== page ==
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What If I’m Nothing Without the Ritalin?

On ADHD medication, I had the ability to function. But I was held hostage by the feeling that my success wasn’t caused by my own hard work; it was caused by the prescription. I hadn’t yet realized that loathing my ADHD was really a way to self-loathe. And I hadn’t yet found a way to let myself feel deserving of my accomplishments. I was over-zealous about Ritalin and under-zealous about myself.

I brought my hands up to my temples.

When the doctor said the Ritalin was going to kick in at around 5 minutes, I didn’t expect it to actually kick. I lowered my head as it re-arranged itself for the first time — the parcels of information flying in the wind suddenly fluttered back down into filing cabinets that I didn’t know I possessed. The wind stopped. I got to see what order looked like; and, thus, fully realized that I lived in a constant state of mental disorder.

It felt like the blinding sensation of roaring afternoon sunlight, slanted directly into my eyes. That was the kick part; it actually hurt. It began the slow realization that, unmedicated, I had been driving in a rainstorm without windshield wipers. I had been sitting behind a window with a translucent curtain covering it. I called that curtain attention deficit disorder (ADHD or ADD), and the stimulant was the curtain-opener. I opened my lab notebook, with attention more like a flashlight than a disco ball, and wrote the whole lab report in one sitting. Transitions and everything.

When I finished, I seamlessly moved my focus to my English reading. I love the pictures and stories that books give us, but I struggle at the place where the end of one line asks you to go to the beginning of the next. I was told my eyes were not strong enough to read fine print in the second grade, but that cut-rope feeling lingered even after my eyes got better. As a sophomore in high school, I couldn’t use my special reading-highlighting-line-finding tool anymore. With the medicine, I felt like I had my reading tool back — and this tool could be used on everything.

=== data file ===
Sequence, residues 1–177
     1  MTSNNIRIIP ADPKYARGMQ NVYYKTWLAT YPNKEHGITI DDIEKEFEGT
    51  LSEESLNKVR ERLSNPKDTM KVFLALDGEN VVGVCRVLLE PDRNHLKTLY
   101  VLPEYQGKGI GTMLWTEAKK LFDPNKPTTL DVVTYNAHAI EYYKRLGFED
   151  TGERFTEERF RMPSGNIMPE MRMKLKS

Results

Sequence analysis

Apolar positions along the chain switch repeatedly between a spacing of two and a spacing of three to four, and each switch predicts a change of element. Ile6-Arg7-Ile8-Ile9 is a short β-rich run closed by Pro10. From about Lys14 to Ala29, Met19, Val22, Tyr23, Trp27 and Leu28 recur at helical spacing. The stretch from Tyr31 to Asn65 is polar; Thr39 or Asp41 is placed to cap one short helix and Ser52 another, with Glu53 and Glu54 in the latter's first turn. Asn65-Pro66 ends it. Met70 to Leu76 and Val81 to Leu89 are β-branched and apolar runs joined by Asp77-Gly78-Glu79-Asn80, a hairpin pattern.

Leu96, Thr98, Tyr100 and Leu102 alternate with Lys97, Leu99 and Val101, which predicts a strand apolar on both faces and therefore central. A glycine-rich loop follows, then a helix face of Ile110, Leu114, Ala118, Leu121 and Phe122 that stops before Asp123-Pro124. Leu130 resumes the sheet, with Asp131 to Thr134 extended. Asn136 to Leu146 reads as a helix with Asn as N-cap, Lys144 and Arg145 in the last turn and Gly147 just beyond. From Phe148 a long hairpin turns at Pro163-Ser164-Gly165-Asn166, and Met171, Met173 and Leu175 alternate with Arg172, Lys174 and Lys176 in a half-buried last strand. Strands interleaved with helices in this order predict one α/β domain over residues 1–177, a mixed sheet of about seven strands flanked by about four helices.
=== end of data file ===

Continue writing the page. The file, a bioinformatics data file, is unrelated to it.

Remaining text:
My ADHD greeted me after the three hours promptly — which was ironic because my ADHD always makes me late. I closed my eyes and sank into the quiet space of zoning out where nothing is on my mind. Reality entered through my ears after a few minutes, and I realized it had been three hours, the Ritalin was out, and I was exhausted. I tried to sleep but couldn’t. I thought that was just excitement.

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It got upsetting when the good grades started rolling in, loaded with new academic expectations. It got scary when my SAT tutor told me to stop doing practice sections off-meds because that it was a waste of problems.

Researchers Anne Fleur Kortekaas-Rijlaarsdam, Marjolein Luman, Edmund Sonuga-Barke, and Jaap Oosterlaan reported that significant behavioral improvements from MPH (the chemical term for Ritalin) medication intervention in children with ADHD should not be conflated with the selective and specific academic improvements that have been recorded by scientists and researchers.1 Their article distinguished between MPH’s effect on increased academic productivity versus increased academic accuracy, and concluded that, while the two variables of productivity and accuracy are interrelated, in the long term MPH perhaps does not have as strong of an impact on academic accuracy as it does on alleviating the behavioral symptoms of ADHD in the short term. Kortekaas-Rijlaarsdam et al cautioned from prescribing MPH over-zealously.

The version of me who got diagnosed two months ago would have balked at that report. I would have shouted that MPH deserves to be credited with grade improvements more than Kortekaas-Rijlaarsdam et al reported. In my mind, Ritalin was the sole difference between my old grades and my new grades. My academic accomplishments were technically mine, but to me, those accolades truly belonged to a prescription.